Old Kirk Braddan Church - Braddan, Isle of Man.
Posted by: Groundspeak Premium Member Mike_bjm
N 54° 09.659 W 004° 30.416
30U E 401606 N 6002481
Quick Description: Old Kirk Braddan Church at Braddan Bridge in Braddan.
Location: Isle of Man
Date Posted: 8/15/2021 9:31:21 AM
Waymark Code: WM14RDK
Published By: Groundspeak Premium Member Alfouine
Views: 0

Long Description:
Old Kirk Braddan (Church of St. Brendan) at Braddan Bridge in Braddan. The church is set back from the A1, Douglas to Peel Road, at Braddan Bridge and the A23 roundabout. There is some free parking in front of the church.

It is an ancient parish church which houses a magnificent collection of stone crosses.

The Celtic and Scandinavian crosses date from between 800 to 1265 AD. The earliest cross is from around 600 AD.

Old Kirk Braddan 'is the first of the 17 churches in the annual Parish Walk and is 1.5 miles from the start line: race leaders usually reach here 15 minutes after the start. The church gate is not touched here for safety reasons as walkers are on the other side of this busy road. The route continues west along the Peel Road.'
Source: 'Isle of Man Countryside, Coast & Churches: New Ways to Explore the Isle of Man on Foot' by Alan Cooper (ISBN: 978-1-911177-68-5)

Old Kirk Braddan is an ancient but much rebuilt church which seems to have been built on or near the site of an earlier keeill (small chapel), believed to date to the 7th Century. Parts of the building appear to date to the 12th Century. The West Gallery was added in 1737 and extended and in 1861. There was a major reconstruction and re-roofing in the 1770s during which the tower was built. The pinnacles on the four corners date from the rebuilding period.

Following a recent detailed investigation by Frank Cowin it is now believed that the nave is substantially original, with just the east end rebuilt, and the tower built anew. This would accord with John Mason Neale's interpretation in 1848 part of which is reproduced below:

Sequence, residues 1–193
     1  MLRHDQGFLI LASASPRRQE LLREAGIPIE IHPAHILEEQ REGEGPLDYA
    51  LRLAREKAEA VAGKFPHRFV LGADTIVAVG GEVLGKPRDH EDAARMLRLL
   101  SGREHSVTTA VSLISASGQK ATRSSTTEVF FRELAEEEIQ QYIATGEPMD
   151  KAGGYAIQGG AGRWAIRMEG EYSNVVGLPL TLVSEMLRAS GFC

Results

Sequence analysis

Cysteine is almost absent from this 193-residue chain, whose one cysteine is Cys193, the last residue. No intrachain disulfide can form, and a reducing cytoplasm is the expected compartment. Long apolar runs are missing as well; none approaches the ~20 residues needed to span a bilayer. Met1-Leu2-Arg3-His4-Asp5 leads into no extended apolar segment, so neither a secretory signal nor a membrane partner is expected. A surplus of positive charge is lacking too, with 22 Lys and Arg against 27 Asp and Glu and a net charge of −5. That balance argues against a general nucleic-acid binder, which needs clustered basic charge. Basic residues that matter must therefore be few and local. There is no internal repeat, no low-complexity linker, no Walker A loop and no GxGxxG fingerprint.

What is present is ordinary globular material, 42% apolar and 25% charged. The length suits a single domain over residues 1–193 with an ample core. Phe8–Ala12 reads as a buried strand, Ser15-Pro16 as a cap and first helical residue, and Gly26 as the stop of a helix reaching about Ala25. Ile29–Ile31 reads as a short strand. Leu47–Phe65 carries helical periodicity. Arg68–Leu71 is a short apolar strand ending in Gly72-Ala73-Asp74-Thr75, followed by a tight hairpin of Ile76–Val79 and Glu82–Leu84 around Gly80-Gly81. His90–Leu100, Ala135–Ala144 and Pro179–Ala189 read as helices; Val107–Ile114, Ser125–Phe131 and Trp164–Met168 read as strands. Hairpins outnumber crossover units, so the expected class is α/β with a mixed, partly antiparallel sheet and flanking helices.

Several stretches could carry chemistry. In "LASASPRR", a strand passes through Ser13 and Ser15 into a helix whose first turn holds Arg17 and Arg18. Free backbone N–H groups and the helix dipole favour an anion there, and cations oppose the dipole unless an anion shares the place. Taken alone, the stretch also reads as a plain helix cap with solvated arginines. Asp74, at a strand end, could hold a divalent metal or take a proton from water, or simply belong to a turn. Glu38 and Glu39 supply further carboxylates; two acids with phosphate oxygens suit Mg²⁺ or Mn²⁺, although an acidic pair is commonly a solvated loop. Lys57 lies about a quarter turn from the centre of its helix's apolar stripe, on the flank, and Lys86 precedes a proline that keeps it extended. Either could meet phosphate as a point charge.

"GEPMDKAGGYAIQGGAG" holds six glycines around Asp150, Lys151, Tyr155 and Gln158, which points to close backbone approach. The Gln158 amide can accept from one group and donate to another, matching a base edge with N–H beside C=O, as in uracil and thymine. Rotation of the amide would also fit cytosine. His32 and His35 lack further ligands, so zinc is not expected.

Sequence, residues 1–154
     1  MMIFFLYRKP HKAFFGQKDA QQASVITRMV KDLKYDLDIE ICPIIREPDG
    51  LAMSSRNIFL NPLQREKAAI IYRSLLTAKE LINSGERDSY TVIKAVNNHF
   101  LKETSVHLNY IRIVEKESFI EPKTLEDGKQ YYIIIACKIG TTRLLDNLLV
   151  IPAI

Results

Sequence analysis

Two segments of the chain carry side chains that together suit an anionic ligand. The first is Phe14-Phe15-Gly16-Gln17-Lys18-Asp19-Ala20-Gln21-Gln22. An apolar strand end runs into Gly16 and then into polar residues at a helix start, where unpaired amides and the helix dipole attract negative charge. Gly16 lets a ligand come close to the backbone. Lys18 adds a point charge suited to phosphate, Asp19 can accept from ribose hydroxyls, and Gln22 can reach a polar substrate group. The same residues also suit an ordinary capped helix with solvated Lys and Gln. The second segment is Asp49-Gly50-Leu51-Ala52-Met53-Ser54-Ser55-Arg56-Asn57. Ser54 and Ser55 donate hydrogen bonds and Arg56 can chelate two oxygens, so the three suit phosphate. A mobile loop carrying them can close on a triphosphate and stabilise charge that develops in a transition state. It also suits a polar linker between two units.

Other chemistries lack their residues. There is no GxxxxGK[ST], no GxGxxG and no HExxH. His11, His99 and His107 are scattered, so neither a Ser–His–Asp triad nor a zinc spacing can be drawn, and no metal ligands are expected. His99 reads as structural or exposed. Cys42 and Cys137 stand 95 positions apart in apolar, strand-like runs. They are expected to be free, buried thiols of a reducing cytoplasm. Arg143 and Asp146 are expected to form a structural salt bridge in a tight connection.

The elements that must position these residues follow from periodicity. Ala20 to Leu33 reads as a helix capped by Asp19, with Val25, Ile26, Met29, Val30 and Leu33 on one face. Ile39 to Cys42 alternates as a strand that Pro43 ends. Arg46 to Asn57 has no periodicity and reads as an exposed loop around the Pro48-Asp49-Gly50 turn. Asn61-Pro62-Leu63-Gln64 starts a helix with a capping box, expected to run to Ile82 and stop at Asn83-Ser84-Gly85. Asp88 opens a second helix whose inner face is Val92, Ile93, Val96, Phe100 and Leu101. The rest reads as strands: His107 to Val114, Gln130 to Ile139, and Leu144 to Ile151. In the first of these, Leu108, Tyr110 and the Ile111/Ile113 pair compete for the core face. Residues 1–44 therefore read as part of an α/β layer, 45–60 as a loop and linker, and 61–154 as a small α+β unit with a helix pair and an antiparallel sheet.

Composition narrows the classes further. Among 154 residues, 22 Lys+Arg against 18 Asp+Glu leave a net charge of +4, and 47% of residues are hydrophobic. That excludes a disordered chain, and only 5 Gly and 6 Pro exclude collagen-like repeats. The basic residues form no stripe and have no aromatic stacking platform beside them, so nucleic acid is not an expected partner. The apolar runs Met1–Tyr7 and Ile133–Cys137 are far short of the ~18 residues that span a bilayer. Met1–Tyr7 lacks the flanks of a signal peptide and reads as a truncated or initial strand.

'I have seen many a lovely churchyard, both in England and in other lands... But never yet one of such perfect loveliness as Kirk Braddan. It lies to the right of the road , in a little hollow: all round the holy ground tall ashes, limes, and elms shoot up towards the sky, and enshrine the building in a kind of mysterious evening.'
Source: 'An introduction to the architecture of the Isle of Man' by Patricia Tutt (ISBN: 978-1-907945-10-6)

'Inside the church has not been refurbished since its construction in 1770s and remains plain and austere with clear glass windows (stained glass was only reintroduced to Manx churches from early Victorian period). It has a remarkable Georgian Three Decker Pulpit, testimony to how important the sermon was in that era: parish clerk on lower tier, vicar conducting the service in the middle and preacher on top. Extensive burials were found underground by the altar when the church was rebuilt - the original church floor is two feet below the current floor level. The box pews were originally 'owned' by major landowners whereas others of lesser means sat in the rear seats. There is a display of Norse crossed that were found in the graveyard and nearby. The choir and musicians would originally have sat in the gallery (no church organs in those days). There is a safe in the wall right at the back dating from 1817 - unfortunately the key as been lost.
Source: 'Isle of Man Countryside, Coast & Churches: New Ways to Explore the Isle of Man on Foot' by Alan Cooper (ISBN: 978-1-911177-68-5)

'Unlike the exterior, the interior does fall into a definable class - 'an auditory church', that is to say it is a single rectangular room with no screen, arcaded or transept. The church has that distinct, almost puritanical, Georgian atmosphere and one of the few that have become known as 'the churches the Victorians forgot' - no Milton tiles, harsh stained glass or other Gothickisms added improve the spiritual thought.'
Source: 'Old Kirk Braddan: short history and tour' by the Friends of Old Kirk Braddan with generous assistance from the Isle of Man Bank and Mr Cecil Clutton CBE.
The "Official Tourism" URL link to the attraction: [Web Link]

Hours of Operation:
During daylight hours.


Admission Prices:
Free


Approximate amount of time needed to fully experience the attraction: Up to 1 hour

Transportation options to the attraction: Personal Vehicle or Public Transportation

The attraction’s own URL: Not listed

Visit Instructions:

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